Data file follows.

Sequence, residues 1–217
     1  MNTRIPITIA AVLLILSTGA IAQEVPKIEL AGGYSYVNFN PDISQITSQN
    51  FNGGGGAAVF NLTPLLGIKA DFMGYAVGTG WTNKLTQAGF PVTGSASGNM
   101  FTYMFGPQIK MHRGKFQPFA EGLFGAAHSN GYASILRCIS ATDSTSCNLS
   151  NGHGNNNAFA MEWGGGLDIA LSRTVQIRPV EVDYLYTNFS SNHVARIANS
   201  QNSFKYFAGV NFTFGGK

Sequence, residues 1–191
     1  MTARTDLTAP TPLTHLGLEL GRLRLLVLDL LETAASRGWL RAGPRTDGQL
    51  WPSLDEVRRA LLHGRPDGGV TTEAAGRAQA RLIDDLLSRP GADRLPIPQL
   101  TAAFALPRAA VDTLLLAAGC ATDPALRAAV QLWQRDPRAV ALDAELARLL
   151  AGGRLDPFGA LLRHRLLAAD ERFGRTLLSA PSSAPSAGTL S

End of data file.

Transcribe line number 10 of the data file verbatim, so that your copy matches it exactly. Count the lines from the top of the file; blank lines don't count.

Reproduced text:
   101  TAAFALPRAA VDTLLLAAGC ATDPALRAAV QLWQRDPRAV ALDAELARLL